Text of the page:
‘The Simpsons’ Boss Says Show’s Prediction Of Russia-Ukraine Invasion With 1998 Episode ‘Very Sad’

(Photo credit: Twitter/Screenshot/Public-User: The Simpsons/Genius Manushay)

Katie Jerkovich Entertainment Reporter
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“The Simpsons” showrunner Al Jean said the show’s prediction of Russian President Vladimir Putin’s invasion of Ukraine in a 1998 episode is “very sad.”

“In terms of predictions, there are two kinds we have: The trivial, like Don Mattingly getting in trouble for his hair in ‘Homer at the Bat,'” Jean told the Hollywood Reporter in a piece published Thursday.

“And then there are predictions like this,” he added. “I hate to say it, but I was born in 1961, so 30 years of my life were lived with the specter of the Soviet Union. So, to me, this is sadly more the norm than it is a prediction. We just figured things were going to go bad.” (RELATED: Team Biden Launches Plan Straight Out Of ‘The Simpsons’)

The animated episode he was referring to happened 24 years ago in a part of a show called “Simpson Tide.” It was after Homer Simpson accidently fires the sub captain out of the vessel of a nuclear submarine. The cartoon then cuts to a clip of Russia at the United Nations showing that the USSR was alive and well. Then-Russian leader Boris Yeltsin pushes a button on the desk, and troops and tanks suddenly descend upon the streets as the Berlin Wall is instantly resurrected, News18.com noted. (RELATED: FACT CHECK: Did ‘The Simpsons’ Predict The Horned Rioter Would Storm The Capitol?)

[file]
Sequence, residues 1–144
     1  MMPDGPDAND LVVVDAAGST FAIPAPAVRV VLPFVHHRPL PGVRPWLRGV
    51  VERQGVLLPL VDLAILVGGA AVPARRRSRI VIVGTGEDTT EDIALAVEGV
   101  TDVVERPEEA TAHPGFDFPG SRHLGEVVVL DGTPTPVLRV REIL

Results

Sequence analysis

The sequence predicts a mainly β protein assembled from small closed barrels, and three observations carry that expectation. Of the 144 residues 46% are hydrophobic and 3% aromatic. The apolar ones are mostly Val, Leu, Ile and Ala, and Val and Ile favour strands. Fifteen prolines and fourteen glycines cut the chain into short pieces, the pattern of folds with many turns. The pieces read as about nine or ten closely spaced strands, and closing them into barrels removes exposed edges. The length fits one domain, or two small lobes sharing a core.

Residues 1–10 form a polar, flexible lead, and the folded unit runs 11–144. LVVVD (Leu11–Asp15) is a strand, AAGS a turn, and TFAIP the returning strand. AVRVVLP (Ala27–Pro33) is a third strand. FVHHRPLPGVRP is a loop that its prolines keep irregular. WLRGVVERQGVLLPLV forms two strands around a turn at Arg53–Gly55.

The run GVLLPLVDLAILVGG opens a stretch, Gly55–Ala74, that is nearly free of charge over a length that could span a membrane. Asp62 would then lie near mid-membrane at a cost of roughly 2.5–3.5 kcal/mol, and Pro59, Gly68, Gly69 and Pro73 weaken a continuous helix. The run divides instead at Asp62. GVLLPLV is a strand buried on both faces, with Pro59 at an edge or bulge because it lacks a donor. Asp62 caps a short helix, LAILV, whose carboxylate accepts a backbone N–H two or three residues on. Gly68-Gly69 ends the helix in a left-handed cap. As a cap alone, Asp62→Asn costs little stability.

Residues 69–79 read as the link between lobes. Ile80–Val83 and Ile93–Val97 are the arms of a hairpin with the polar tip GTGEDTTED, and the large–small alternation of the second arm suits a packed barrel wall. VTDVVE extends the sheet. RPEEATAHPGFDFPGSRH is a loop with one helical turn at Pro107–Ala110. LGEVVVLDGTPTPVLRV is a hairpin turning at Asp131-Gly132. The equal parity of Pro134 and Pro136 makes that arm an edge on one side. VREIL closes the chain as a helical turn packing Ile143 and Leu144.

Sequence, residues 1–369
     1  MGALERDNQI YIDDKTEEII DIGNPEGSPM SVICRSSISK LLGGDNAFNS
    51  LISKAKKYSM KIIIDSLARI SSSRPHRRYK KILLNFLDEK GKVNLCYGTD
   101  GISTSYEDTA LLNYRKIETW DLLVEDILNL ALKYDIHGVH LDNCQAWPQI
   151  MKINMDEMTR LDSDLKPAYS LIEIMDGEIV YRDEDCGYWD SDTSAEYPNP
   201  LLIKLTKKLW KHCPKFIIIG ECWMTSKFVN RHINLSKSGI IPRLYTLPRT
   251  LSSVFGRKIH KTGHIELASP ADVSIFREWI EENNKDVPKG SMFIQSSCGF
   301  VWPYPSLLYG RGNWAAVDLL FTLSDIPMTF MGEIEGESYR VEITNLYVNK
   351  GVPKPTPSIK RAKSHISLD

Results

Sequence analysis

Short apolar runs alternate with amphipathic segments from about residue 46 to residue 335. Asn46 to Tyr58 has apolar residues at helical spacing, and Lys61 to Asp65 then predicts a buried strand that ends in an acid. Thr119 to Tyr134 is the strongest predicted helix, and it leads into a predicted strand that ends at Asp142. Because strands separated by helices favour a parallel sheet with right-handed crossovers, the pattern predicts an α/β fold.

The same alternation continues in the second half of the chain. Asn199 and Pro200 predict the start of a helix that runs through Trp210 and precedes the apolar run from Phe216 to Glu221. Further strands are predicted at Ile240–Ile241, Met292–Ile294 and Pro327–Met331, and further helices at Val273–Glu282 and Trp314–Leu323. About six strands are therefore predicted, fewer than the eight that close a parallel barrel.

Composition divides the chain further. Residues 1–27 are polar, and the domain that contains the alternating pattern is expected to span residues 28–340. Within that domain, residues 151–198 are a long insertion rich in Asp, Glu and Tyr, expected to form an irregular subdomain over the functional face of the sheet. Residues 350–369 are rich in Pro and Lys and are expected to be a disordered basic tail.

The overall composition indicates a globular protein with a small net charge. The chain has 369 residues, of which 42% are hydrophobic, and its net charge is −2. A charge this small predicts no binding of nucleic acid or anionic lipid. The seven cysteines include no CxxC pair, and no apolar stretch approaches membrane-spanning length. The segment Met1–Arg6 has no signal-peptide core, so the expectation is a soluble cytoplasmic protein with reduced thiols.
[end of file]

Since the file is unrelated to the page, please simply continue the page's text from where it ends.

“Historical aggression never really goes away, and you have to be super vigilant,” Jean explained, according to the Hollywood Reporter. “In 1998, when this clip aired, it was maybe the zenith of U.S.-Russia relations. But ever since [Russian President Vladimir] Putin got in, almost everybody has made it clear that he’s a bad guy and bad things are going to happen.”

“There is the kind of prediction, where we reference something that has happened, happening again — we hope it wouldn’t, but sadly, it does,” he added.